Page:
- The Washington Times - Wednesday, September 6, 2017

Members of President Trump’s voter integrity commission have been using personal email accounts to conduct the panel’s business, violating a federal law, according to a group that has sued to demand more transparency from the commission.

In court papers filed Tuesday the Lawyers’ Committee for Civil Rights Under Law said the Justice Department admitted in a conference call that personal email accounts were being used by some panelists.

Justice Department lawyers didn’t refute the substance of the claim but said in a reply that they didn’t recall making any “definitive” statements about it during the conference call.

It’s the latest battle over transparency involving the Presidential Advisory Commission and Election Integrity, which Mr. Trump formed earlier this year to examine both voter fraud and barriers that keep people from voting.

A federal judge has chided the commission for defying her expectations and failing to make all of the commission’s documents available to the public, as the law calls for.

The judge last week ordered the commission to do a better job in the run-up to the panel’s second meeting, slated for Tuesday. And the judge ordered the commission to produce a master list of the commission’s documents so far.

Among those documents, according to the Lawyers’ Committee, should be emails back and forth between panel members. But the Lawyers’ Committee said those emails may be tough to pry loose, if commissioners aren’t using a government email account.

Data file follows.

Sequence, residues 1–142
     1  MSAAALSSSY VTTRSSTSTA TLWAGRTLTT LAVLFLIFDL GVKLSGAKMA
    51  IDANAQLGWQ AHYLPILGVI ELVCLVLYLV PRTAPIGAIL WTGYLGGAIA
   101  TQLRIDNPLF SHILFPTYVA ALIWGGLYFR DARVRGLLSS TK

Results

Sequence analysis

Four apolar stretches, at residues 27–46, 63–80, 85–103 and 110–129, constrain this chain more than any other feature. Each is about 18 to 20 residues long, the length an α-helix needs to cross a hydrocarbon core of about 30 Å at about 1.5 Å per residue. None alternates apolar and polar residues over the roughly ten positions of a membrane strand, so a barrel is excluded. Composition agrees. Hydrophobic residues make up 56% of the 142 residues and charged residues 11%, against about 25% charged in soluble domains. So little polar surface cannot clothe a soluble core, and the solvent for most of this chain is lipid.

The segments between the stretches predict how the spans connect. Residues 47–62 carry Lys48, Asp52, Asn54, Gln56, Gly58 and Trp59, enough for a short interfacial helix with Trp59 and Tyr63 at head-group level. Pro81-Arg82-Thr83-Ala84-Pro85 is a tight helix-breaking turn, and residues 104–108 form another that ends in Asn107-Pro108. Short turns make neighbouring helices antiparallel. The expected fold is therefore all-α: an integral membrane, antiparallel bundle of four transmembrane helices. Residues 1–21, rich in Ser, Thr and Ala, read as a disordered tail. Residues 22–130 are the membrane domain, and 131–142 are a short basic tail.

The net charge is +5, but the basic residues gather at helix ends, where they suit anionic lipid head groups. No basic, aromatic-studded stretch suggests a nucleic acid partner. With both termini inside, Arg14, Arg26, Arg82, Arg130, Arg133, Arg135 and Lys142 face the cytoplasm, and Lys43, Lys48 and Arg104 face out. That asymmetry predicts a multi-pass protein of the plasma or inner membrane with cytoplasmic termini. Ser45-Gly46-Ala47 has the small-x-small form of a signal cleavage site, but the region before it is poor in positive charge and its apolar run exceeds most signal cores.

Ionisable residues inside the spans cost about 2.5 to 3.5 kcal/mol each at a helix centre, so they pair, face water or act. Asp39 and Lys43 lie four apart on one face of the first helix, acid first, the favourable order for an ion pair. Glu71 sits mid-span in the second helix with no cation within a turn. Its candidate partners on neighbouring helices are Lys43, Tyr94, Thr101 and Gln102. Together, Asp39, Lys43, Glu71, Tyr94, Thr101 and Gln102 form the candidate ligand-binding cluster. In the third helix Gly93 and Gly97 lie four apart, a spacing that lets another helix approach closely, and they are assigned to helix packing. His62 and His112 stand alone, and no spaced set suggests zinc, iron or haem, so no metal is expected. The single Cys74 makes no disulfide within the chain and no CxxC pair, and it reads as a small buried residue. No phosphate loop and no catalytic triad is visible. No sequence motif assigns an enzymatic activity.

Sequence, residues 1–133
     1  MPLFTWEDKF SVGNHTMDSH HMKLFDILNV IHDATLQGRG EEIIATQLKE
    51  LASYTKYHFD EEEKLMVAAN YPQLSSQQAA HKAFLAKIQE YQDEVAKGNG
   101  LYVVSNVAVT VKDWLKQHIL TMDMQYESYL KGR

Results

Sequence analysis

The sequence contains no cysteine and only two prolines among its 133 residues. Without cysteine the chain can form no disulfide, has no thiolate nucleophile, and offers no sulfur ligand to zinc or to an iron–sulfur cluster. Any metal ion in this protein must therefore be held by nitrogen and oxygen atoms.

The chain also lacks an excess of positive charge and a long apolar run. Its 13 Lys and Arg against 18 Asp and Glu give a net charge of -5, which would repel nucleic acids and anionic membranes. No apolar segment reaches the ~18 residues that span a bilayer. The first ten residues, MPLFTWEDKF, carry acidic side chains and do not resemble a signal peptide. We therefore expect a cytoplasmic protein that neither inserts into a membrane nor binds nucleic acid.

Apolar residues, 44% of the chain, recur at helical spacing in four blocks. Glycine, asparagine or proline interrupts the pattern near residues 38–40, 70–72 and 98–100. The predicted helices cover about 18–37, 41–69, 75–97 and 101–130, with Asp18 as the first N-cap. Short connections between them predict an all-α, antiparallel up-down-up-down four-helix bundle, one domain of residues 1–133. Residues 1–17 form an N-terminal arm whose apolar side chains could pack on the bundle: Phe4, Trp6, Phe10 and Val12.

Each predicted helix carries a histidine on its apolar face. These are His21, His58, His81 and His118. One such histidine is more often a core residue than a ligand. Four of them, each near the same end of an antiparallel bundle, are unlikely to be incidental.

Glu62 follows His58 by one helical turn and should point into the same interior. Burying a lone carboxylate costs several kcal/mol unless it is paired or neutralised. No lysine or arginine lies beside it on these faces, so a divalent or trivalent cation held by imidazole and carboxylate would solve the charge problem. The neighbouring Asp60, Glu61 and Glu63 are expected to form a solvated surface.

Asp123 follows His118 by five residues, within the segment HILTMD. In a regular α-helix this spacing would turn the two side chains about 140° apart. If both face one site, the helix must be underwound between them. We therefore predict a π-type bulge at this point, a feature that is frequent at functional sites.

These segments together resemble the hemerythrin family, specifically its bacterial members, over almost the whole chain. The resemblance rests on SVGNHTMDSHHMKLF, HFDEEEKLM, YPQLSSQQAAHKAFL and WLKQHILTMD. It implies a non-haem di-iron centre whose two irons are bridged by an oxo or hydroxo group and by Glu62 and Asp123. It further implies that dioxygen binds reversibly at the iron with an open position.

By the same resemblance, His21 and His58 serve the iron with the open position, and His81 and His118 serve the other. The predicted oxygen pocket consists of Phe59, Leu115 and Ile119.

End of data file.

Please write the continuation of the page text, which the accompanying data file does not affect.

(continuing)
“Defendants’ counsel stated that Commissioners have been using personal email accounts (rather than federal government-issued accounts) to conduct Commission-related work,” the Lawyers’ Committee said in its new filing

“Such use of personal email violates the Presidential Records Act (PRA), which Congress amended in 2014 specifically to require that all persons covered by the PRA — including members of this Commission — use official federal government email to conduct government business,” the filing says.

The Justice Department countered that its lawyers didn’t “recall making any definitive statements as to email addresses being used by non-federal commissioners, nor is the email account relevant for determining whether records are subject to” open-records laws.

Besides, all documents are being preserved as part of the ongoing lawsuit, the Justice Department said.

A spokesman for Vice President Mike Pence, who is chairman of the commission, forwarded questions to the Justice Department, which pointed to Judge Colleen Kollar-Kotelly’s comments during last week’s hearing where she said she didn’t object to personal email accounts being used.

“It doesn’t make any difference from my perspective, at least off the top of my head, whether you do it on a personal email or you do it on one of the business or one of the email accounts that have been provided,” the judge said.

Still, she said the emails should be documented as part of disclosure.

Both sides did come to an agreement for better transparency ahead of next week’s panel meeting.

The commission said it would post an agenda for the meeting by Wednesday this week and would upload all other materials by Friday. Public comments would be accepted on a rolling basis.

Emails have become a particularly charged issue after former Secretary of State Hillary Rodham Clinton refused to use an official account for her government business during her time as the country’s chief diplomat.

She belatedly returned some messages she said were work related, but the FBI found thousands of others she should have turned over. The State Department is still releasing emails, including some marked classified, on a regular basis.

Other Obama officials were also snared by their use of secret email accounts, including the former president’s top science advisor.

Mr. Trump blasted Mrs. Clinton for her use of a secret email account during the campaign.

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